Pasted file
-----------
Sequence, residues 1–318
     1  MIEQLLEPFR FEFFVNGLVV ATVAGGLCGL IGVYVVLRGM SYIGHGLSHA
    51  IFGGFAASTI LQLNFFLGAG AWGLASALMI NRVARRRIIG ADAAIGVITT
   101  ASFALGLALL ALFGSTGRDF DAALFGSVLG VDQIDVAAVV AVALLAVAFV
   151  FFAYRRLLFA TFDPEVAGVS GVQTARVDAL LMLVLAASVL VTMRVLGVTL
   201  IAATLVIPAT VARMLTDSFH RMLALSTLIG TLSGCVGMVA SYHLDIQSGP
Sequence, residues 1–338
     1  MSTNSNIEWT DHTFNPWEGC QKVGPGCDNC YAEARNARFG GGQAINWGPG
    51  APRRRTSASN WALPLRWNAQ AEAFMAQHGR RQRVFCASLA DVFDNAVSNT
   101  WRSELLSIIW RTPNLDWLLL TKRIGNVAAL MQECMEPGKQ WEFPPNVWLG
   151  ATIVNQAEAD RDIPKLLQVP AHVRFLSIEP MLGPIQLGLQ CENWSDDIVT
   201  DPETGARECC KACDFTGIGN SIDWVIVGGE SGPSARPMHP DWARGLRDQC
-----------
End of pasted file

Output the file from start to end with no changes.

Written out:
Sequence, residues 1–318
     1  MIEQLLEPFR FEFFVNGLVV ATVAGGLCGL IGVYVVLRGM SYIGHGLSHA
    51  IFGGFAASTI LQLNFFLGAG AWGLASALMI NRVARRRIIG ADAAIGVITT
   101  ASFALGLALL ALFGSTGRDF DAALFGSVLG VDQIDVAAVV AVALLAVAFV
   151  FFAYRRLLFA TFDPEVAGVS GVQTARVDAL LMLVLAASVL VTMRVLGVTL
   201  IAATLVIPAT VARMLTDSFH RMLALSTLIG TLSGCVGMVA SYHLDIQSGP
Sequence, residues 1–338
     1  MSTNSNIEWT DHTFNPWEGC QKVGPGCDNC YAEARNARFG GGQAINWGPG
    51  APRRRTSASN WALPLRWNAQ AEAFMAQHGR RQRVFCASLA DVFDNAVSNT
   101  WRSELLSIIW RTPNLDWLLL TKRIGNVAAL MQECMEPGKQ WEFPPNVWLG
   151  ATIVNQAEAD RDIPKLLQVP AHVRFLSIEP MLGPIQLGLQ CENWSDDIVT
   201  DPETGARECC KACDFTGIGN SIDWVIVGGE SGPSARPMHP DWARGLRDQC